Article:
PAX East 2013 was full of surprises for me, and The Swapper was one of the bigger ones. It was another game that I didn’t know existed until I hit the show floor, and yet another game that blew me away. The Swapper is a 2D side-scrolling puzzle game that starts with you using an escape pod to eject from a space station orbiting a planet. The planet you land on has some type of station or colony, but it’s eerily abandoned.
Early in the game you find a device that allows you to project clones of yourself. It kind of looks and works like a flashlight, but I’m sure it has a fancier name than that. You can place up to four clones at a time, and each clone mimics your exact movements. Your movement itself becomes part of the puzzles; trying to figure out how to get a clone to a specific location without moving other clones out of place. Also, not too far into the game you find the swapping device which allows you to swap places with your clones.
When I first got this ability I figured it would be used for things like reaching high places or swapping with a clone across a gap, but it went farther than this. In one puzzle I had to jump from a high place, but it was so high that when I touched down I folded like a soda can. The game tested my reflexes by forcing me to create a clone as I got closer to the ground and swapping to that clone before the real me died. When you use the swapping device time slows down, but not enough to make it very easy to perform the task I just described. It feels like the developer got the timing just right to make it both fair and challenging.
The last puzzle I solved (and the trickiest puzzle that I played so far) involved two sliding walls that blocked my path and a huge gap between them. When I stood on a button, one wall would slide up while the other slid down. I knew to get to the other side I had to stand on the button long enough to open up the other path, but if I waited too long the path in front of me would be blocked off. The solution involved me standing on the button just long enough to make the wall come down to the point where I couldn’t move forward, creating a clone then swapping to it out in the gap. After that, I had to continue to make clones and swap in midair over and over again until I could place a clone on the now-open pathway on the other side. This may sound easy to you, but one missed swap would send me to my death; and with gravity still affecting me and the clone while swapping, bad times could have easily happened.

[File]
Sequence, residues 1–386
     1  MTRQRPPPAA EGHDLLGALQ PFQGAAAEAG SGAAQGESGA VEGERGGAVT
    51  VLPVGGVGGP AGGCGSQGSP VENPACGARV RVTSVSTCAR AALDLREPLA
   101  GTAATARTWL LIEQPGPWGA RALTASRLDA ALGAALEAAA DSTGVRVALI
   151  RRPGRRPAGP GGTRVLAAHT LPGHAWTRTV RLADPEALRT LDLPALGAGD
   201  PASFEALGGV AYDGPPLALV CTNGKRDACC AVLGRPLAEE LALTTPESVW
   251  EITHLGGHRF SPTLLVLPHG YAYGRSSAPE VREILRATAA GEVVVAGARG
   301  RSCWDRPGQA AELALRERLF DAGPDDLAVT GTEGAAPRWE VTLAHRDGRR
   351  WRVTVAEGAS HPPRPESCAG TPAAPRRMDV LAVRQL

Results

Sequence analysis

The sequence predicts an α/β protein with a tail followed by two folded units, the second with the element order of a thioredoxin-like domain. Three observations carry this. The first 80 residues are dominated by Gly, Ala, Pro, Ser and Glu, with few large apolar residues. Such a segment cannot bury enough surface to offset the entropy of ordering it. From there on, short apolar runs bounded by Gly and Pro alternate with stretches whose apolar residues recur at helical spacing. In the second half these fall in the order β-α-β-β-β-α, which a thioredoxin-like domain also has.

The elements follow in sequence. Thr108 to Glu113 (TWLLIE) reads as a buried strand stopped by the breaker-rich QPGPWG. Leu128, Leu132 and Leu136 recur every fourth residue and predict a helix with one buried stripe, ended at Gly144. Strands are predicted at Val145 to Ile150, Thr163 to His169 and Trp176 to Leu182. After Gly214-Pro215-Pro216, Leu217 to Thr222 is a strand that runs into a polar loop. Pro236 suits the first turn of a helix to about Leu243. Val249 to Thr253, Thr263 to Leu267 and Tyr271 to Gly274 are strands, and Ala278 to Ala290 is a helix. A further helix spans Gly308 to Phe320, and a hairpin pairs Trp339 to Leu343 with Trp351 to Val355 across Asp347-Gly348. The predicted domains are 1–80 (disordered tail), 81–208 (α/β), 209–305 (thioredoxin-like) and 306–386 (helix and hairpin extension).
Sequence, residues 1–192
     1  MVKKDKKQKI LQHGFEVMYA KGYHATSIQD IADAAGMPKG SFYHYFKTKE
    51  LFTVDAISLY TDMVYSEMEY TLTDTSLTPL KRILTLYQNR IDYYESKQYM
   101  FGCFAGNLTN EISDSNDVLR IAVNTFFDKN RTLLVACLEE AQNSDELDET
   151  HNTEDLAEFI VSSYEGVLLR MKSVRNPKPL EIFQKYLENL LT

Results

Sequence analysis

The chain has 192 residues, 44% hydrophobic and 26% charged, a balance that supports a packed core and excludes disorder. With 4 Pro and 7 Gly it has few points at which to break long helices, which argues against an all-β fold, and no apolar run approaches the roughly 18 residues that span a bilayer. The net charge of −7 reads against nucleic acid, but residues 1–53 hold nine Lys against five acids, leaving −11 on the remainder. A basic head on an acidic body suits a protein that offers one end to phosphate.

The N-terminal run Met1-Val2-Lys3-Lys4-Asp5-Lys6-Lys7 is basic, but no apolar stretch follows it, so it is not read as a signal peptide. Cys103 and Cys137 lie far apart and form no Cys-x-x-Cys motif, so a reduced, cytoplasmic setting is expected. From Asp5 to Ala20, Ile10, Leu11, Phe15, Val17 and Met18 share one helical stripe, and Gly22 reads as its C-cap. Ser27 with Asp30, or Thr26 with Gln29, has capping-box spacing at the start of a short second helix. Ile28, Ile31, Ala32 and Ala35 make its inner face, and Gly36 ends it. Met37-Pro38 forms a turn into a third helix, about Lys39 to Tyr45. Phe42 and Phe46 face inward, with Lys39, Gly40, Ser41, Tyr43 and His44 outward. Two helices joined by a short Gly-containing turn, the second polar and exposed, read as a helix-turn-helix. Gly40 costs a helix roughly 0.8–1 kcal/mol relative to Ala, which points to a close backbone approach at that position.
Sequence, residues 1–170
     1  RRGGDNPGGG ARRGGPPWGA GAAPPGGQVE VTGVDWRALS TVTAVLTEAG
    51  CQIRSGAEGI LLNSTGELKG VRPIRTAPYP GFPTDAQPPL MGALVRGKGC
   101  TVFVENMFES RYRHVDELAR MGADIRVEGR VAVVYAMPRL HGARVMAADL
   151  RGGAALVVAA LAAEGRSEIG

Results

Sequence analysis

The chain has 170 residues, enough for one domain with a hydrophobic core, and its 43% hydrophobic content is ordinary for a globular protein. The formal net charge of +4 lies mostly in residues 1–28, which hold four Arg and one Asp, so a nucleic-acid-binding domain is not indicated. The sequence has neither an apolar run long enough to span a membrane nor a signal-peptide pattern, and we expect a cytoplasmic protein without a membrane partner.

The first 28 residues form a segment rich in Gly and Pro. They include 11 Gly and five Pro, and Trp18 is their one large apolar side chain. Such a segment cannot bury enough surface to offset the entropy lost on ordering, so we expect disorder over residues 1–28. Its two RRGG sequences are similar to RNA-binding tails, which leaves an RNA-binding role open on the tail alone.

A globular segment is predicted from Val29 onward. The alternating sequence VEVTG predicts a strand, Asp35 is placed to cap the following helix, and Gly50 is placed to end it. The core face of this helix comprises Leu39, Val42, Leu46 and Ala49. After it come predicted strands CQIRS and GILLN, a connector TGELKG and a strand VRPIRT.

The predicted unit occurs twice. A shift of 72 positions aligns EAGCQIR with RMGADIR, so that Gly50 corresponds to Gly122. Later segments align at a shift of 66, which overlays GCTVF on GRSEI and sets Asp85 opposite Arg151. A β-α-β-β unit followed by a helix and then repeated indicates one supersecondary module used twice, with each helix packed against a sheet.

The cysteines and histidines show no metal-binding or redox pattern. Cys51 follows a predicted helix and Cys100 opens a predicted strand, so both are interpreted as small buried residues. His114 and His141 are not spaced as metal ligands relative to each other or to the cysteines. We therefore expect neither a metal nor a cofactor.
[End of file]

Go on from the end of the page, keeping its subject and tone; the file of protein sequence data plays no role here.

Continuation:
I fell in love with the game play because, besides telling you which buttons did what on the devices, there was no instruction. The player is left to explore and solve the puzzles on their own, and because of that it is a very rewarding experience. There is no mention of slowing down time with the swapper and no directional arrows telling you where to go. It was just my natural instinct to go right. And when I couldn’t go right anymore, I figured it was time to go left, up, or down.
The thing that caught my eye about The Swapper wasn’t a beautiful banner or crazy booth; it was actually the look of the game itself. I had never really seen anything like it in a video game before. Even though the setting was in deep space it felt real to a degree. I had a chance to talk with Olli Harjola, Creative Director on the project, and he explained to me that every asset in the game was sculpted in clay in real life, then brought into the game using photography. I was pretty blown away. This is the first time I’ve ever heard of someone doing something like that in a game, and it paid off because the look is so unique.
Due to that and the way the game is lit there is an uncanny sense of solitude. Here I am in a convention with about 70,000 people in it, and when I played this game I felt so alone. Sound definitely played its part as well. No music, but there is just the ambiance of emptiness throughout the entire facility. The only company you have are the machines that are still running or the hum of electricity in certain places, and your own footsteps. With those sounds being your only company, it just adds to the solitude.
Not too long after you reach the planet you actually find a way back to the ship you just ejected from (why would you want to go back there?). Even though this is in deep space, you won’t be looking at the same background all the time. Within the ship itself there are several areas that look different. When you first get back your surroundings look like something out of Alien, but soon I found myself in what looked like a botanical garden that had been abandoned for quite some time and overrun by the plant life.
Not only did it change the surroundings, but it also introduced new puzzle elements: lights. I found that I was unable to create a clone through the blue light, and there was also a red light that I was couldn’t swap through. The way the lights were placed not only made the puzzles challenging, but it felt like the development team worked to make sure the lighting would blend well with the background while also being noticeable.
There wasn’t any dialogue from your character because there was no one else to talk too, but you come across these rock fragments that always had something to say. I had a chance to talk with the writer for the game and he says there is definitely a story thread to unravel, and perhaps there may be someone else to talk to down the line. Unfortunately, according to him there were no collectables planned for the game, which isn’t a huge loss for me.
I was swept away by how beautiful, eerie, fun, and challenging The Swapper was in the short time that I had to play it. The game is expected to release within the next few months and it is now one of my most anticipated games of 2013.